The Supreme Court's pre-dawn hearing of the plea on Friday by one of the four death row convicts in the Nirbhaya gang-rape and murder case, who were all finally hanged in the wee hours, was yet another in the line of such extraordinary proceedings conducted by the country's top court.
Post midnight Friday, the apex court opened its door to Pawan Gupta's last plea challenging the rejection of his second mercy petition by the President.
A bench of Justices R Banumathi, Ashok Bhushan and A S Bopanna took up the matter at 2.30 am. It however rejected the plea saying no ground was made out to warrant judicial review of the President's decision to reject his mercy plea.
Following that, Mukesh Singh (32), Pawan Gupta (25), Vinay Sharma (26) and Akshay Kumar Singh (31) were executed at 5.30 am in Tihar Jail for the savage rape of the 23-year-old intern on December 16, 2012. She died a fortnight later of her injures.
Similarly, the apex court had on July 29, 2015 sat through the midnight to consider an urgent plea to stay the scheduled execution of lone death row convict of 1993 Mumbai blasts case, Yakub Memon, at 6 AM in Yerwada jail the next day.
Among such petitions was the matter concerning the sensational case of Noida's Nithari serial murders convict Surinder Koli, when the apex court in 2014 heard the late night move on his behalf for staying the execution of his death sentence.
Also, in another case titled Shatrughan Chauhan v/s Union of India, in 2014, the execution of death sentence against 16 persons at 4 PM was challenged and the lawyers rushed with a petition to the residence of then Chief Justice of India P Sathasivam.
The then CJI and Justice M Y Iqbal heard the matter at around 11.30 PM and at around midnight ordered a stay on the execution.
Another such hearing took place on April 9, 2013 when a petition was moved on behalf of one Manganlal Barela against the execution of his death sentence in a murder case.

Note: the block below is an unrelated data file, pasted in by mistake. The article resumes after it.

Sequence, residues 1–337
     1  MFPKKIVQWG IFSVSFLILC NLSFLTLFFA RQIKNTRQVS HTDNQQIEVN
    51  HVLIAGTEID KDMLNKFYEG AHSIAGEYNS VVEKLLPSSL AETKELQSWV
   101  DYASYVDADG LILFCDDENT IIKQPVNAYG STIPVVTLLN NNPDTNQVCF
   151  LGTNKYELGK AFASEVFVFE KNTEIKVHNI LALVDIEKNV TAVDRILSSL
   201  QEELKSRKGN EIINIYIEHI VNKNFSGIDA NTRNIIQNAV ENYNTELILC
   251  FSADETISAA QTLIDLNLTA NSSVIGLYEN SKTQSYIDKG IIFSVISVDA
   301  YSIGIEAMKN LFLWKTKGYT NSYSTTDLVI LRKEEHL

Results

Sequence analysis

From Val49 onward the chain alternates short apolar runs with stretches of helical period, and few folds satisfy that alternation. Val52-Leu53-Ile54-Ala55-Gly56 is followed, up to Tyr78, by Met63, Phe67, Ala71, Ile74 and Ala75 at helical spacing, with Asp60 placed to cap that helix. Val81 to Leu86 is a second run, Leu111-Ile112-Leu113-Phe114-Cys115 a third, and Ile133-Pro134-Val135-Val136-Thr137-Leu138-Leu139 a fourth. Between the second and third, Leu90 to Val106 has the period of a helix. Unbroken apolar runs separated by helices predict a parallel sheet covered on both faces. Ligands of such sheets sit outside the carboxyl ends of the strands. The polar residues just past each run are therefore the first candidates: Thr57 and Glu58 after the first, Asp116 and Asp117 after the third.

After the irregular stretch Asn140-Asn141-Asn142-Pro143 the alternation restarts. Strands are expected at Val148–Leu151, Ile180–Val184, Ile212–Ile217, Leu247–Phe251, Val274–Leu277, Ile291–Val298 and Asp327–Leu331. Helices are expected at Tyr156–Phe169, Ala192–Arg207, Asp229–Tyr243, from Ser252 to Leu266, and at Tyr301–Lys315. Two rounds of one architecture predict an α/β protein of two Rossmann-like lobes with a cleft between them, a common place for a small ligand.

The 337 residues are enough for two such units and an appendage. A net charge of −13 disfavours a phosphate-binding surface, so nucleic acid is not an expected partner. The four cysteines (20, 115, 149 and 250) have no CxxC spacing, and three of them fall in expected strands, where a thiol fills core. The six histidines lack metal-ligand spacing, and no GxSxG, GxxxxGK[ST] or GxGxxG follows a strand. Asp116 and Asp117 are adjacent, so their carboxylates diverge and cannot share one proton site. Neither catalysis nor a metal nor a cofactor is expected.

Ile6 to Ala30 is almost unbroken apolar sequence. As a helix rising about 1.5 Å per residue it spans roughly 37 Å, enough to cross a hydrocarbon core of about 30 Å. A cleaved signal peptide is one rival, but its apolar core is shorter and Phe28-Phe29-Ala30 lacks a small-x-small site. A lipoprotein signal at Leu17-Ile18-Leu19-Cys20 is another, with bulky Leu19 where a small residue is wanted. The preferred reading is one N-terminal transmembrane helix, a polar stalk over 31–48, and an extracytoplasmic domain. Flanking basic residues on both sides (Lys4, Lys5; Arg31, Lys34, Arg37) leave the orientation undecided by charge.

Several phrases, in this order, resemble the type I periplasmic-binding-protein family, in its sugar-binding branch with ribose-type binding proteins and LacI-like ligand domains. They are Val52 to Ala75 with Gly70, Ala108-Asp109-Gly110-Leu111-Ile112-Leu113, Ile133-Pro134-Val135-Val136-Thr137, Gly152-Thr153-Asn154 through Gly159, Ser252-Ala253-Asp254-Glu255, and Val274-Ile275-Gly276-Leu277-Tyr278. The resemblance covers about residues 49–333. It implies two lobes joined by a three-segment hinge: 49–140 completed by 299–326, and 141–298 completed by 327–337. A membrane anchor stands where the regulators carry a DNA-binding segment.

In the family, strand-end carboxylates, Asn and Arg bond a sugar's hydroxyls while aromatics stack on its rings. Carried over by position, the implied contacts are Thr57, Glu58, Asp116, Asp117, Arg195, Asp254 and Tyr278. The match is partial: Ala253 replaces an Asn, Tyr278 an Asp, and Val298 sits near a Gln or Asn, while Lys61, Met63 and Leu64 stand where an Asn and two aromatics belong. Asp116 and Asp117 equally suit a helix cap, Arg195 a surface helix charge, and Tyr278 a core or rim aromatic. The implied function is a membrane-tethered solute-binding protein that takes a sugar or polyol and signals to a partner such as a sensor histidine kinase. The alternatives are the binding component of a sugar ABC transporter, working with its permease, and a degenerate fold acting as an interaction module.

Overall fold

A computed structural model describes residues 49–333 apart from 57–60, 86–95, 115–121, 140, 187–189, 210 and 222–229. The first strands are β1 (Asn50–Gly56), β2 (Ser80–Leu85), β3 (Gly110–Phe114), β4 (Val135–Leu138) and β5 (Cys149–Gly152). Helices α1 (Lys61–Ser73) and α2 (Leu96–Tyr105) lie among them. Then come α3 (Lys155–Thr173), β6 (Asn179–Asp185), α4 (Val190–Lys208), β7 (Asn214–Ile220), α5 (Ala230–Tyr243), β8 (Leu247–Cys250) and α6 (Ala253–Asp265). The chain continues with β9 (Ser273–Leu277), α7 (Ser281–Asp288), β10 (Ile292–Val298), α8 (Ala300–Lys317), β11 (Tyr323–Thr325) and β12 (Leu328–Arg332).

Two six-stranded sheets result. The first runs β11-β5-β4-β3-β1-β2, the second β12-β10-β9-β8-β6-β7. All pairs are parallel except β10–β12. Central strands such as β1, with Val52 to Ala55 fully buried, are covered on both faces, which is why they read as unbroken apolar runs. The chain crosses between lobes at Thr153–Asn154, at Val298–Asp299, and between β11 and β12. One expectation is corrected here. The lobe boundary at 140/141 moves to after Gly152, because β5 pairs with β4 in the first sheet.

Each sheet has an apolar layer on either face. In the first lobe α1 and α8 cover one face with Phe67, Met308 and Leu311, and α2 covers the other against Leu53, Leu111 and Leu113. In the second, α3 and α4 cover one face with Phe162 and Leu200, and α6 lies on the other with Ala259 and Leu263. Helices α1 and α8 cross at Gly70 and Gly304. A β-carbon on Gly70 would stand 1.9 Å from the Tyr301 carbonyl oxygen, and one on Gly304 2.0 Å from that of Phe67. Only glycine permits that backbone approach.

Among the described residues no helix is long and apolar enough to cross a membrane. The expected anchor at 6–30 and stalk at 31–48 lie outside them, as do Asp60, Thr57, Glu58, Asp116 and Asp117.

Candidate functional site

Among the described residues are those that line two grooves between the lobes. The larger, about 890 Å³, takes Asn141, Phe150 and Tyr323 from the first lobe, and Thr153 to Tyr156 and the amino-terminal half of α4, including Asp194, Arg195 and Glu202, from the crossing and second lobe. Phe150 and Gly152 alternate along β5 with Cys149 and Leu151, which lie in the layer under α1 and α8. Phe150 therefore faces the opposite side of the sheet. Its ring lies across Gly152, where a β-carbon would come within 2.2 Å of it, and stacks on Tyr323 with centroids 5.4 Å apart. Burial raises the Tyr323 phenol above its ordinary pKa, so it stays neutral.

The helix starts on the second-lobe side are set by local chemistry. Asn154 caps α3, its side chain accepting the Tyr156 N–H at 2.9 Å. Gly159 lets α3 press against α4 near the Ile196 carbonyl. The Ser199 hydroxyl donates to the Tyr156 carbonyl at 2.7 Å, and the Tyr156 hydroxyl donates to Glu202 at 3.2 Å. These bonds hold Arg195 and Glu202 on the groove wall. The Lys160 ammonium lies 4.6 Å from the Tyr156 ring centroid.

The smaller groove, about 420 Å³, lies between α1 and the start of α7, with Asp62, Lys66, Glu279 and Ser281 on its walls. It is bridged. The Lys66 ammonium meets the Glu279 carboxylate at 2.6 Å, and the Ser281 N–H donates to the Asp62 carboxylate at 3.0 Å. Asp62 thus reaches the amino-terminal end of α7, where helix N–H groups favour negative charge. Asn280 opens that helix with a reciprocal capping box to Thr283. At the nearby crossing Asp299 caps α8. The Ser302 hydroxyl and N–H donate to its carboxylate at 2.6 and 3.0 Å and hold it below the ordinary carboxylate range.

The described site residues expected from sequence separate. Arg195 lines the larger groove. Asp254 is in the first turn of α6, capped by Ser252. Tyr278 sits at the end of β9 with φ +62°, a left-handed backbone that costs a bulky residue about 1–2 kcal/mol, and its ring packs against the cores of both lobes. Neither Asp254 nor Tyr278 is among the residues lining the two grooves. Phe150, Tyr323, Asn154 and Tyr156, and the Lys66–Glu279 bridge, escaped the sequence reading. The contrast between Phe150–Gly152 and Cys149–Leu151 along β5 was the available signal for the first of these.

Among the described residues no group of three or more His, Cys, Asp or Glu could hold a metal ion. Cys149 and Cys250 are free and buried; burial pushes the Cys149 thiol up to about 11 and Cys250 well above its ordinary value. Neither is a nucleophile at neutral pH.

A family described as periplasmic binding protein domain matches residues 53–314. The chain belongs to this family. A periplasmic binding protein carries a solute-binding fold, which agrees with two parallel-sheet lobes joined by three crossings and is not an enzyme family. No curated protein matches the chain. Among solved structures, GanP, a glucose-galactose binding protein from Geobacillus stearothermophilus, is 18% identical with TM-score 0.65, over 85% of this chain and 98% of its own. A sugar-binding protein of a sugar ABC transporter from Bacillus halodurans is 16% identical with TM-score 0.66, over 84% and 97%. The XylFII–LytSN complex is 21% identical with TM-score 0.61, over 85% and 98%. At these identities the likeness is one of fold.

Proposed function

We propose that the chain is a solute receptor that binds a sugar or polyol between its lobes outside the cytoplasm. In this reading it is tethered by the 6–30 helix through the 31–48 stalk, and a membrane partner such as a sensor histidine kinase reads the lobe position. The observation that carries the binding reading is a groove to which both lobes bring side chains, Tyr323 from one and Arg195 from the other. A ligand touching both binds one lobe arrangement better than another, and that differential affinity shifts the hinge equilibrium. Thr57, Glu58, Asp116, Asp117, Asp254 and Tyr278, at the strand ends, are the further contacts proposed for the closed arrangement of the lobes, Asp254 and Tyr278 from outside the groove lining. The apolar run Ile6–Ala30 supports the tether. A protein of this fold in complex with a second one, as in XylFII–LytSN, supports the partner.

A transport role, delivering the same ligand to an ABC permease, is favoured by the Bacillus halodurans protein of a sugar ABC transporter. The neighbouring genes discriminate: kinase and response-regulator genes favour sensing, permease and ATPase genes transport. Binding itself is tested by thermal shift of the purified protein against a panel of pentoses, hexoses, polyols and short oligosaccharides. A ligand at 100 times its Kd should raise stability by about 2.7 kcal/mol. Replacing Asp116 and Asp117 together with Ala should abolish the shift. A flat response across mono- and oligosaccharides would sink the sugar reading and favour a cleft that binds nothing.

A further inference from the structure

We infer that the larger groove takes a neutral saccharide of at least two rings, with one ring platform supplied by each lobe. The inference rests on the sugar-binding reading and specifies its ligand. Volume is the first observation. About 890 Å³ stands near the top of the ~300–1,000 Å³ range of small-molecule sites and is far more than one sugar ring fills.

The midnight knocks at the Supreme Court have not only been confined to the cases of execution of death warrants but have pertained to political and other drama as well.
In May 2018, the top court had conducted midnight proceeding to hear Congress' plea to thwart the attempt of the BJP to form the government in Karnataka following the invitation by the Governor.
In another dramatic matter, as far back as 1985, the top court had attracted tremendous criticism in a case when then Chief Justice E S Venkatramaiah was woken up at midnight and proceeded to grant bail to industrialist L M Thapar.
Thapar was arrested on the basis of a Reserve Bank of India complaint that several companies run by him had violated the then Foreign Exchange Regulation Act (FERA).
In another politically sensitive matter, the hearing had also continued past midnight at the residence of the judge on the intervening night of December 6 and 7, 1992 after the demolition of Ram Janmabhoomi Babri Masjid at Ayodhya.
The Ayodhya case was heard at the residence of Justice M N Venkatachaliah, who later became the Chief Justice of India.
In that case, one of the parties to the Ayodhya dispute had rushed to the apex court immediately after the structure was razed by karsevaks.
After the hearing at his residence, the bench headed by Justice Venkatachaliah directed that status quo to be maintained at the disputed site.
In another infamous Ranga-Billa criminal case of the national capital, a bench headed by Justice Y V Chandrachud, who held office of Chief Justice of India from February 22, 1978 to July 11, 1985, sat late in the night to consider a plea that they should not be hanged.
Lawyers also recall some political matters also when the apex court had held late night hearings, including the one in which it ordered a composite floor test in Uttar Pradesh in 1998 to determine who enjoyed the majority -- Kalyan Singh or Jagadambika Pal.
(This story has not been edited by Business Standard staff and is auto-generated from a syndicated feed.)